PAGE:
Is there such a thing as a good day as a prisoner? Well I guess it would depend on what one would class as ‘good’. Many would class a good day as just being able to mark another day off the calendar. For first time offenders getting through your first day without someone trying to kill them is probably a ‘good’ day, well that’s what they believe after watching ‘badgirls’ prior to entering a women’s prison. It actually makes me laugh prison programmes and documentaries that appear on our TV screens, I wonder if they get a brief to exaggerate, edit and give an unrealistic view of prisons? I suppose it’s a good way of encouraging the negative view’s they have of female offenders.

Do not get me wrong I am not saying women’s prisons are an idyllic setting because they are far from that and some of the rumours that exist about prison are true, just the same as some are made up to scare and intimidate women entering the prison system.I remember on my first day I felt afraid and alone, and I was not a newbie to the Criminal Justice System so imagine what first time offenders feel like. Being placed on a first night unit with every woman that has arrived at the prison recently is a chance to be inducted into the prison regime but is also a chance for individuals to learn. You can be educated about the use of drugs, different offences and the different types of prisoners that you will be accommodated with through out your stay. May I add this education is not part of the prison induction programme; it is delivered by the more experienced inmates.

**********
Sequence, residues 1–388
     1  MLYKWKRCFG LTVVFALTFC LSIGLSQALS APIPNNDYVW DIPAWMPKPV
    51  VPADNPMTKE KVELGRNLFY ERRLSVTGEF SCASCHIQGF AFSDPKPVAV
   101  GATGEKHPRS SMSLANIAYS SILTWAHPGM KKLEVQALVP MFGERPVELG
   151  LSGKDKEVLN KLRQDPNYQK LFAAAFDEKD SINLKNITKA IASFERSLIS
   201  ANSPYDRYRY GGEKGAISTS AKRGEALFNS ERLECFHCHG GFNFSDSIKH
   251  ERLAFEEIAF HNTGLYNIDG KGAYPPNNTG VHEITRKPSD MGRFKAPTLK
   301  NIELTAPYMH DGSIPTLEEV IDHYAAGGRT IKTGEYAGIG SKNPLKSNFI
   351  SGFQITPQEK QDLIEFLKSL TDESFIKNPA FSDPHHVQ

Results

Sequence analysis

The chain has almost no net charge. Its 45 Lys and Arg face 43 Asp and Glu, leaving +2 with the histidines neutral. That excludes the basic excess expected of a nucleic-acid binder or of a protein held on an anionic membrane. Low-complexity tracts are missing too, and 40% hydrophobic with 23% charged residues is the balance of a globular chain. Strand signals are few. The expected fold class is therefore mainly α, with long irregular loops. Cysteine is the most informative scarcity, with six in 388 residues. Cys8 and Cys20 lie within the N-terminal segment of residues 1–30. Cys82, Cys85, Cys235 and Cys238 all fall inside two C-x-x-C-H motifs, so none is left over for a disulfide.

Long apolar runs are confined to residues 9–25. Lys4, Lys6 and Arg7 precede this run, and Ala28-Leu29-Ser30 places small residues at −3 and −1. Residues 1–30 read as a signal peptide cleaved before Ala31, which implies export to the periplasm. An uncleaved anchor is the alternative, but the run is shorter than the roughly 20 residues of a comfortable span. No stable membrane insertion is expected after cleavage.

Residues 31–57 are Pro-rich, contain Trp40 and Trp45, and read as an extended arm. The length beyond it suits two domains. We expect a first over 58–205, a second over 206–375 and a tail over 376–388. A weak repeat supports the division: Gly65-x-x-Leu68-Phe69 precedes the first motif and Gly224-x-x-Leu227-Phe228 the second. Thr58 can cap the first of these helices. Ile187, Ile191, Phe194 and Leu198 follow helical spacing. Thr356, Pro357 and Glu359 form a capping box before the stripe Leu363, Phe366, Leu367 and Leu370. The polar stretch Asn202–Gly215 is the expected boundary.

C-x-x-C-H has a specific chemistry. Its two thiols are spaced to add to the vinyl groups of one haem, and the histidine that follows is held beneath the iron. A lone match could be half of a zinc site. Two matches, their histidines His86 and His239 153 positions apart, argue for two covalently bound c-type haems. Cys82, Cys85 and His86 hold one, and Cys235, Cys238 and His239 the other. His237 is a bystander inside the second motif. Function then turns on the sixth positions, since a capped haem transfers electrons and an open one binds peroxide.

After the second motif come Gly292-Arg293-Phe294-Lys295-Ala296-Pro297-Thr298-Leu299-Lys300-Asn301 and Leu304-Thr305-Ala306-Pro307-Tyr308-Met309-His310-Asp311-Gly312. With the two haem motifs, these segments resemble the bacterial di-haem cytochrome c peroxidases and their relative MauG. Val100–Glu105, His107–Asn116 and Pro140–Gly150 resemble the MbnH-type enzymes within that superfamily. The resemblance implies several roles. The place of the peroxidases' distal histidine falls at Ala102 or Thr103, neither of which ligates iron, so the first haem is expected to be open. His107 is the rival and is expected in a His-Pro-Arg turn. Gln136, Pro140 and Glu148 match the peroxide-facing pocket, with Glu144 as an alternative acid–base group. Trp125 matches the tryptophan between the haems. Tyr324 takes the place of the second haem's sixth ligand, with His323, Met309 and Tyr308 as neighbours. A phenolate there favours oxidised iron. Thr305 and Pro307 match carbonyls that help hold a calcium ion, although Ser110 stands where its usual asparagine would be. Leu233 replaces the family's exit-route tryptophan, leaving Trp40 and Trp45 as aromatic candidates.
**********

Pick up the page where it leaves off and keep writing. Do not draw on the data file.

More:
Within the prison population you can pin point the different types of women; the newbie, old school, long-term, lifer, young offender, the seasonal inmate and there could be many other groups. You could go on labelling each of the women until you have stereotyped them all into a ‘group’ but what people fail to realise is they all deal with prison life in a different way and not necessarily because they choose too. Often when we enter somewhere that is new we are thrown out of our comfort zone and look for reassurance and comfort from others. We relate to other peoples opinions, actions and experiences and before we know it we are classed as being in that ‘group’.

You need to be aware of some prisoners who are experienced at preying on the vulnerable first time offenders; they will befriend you and then more often than not betray you. As long as you supply the gold they will be at your side. By gold I mean the items that are classed as gold in prisons; sugar, coffee, tobacco and food. They will manipulate you in to becoming their follower and take advantage of your inexperience. Then soon as trouble brews they will try to blame you and make you an enemy.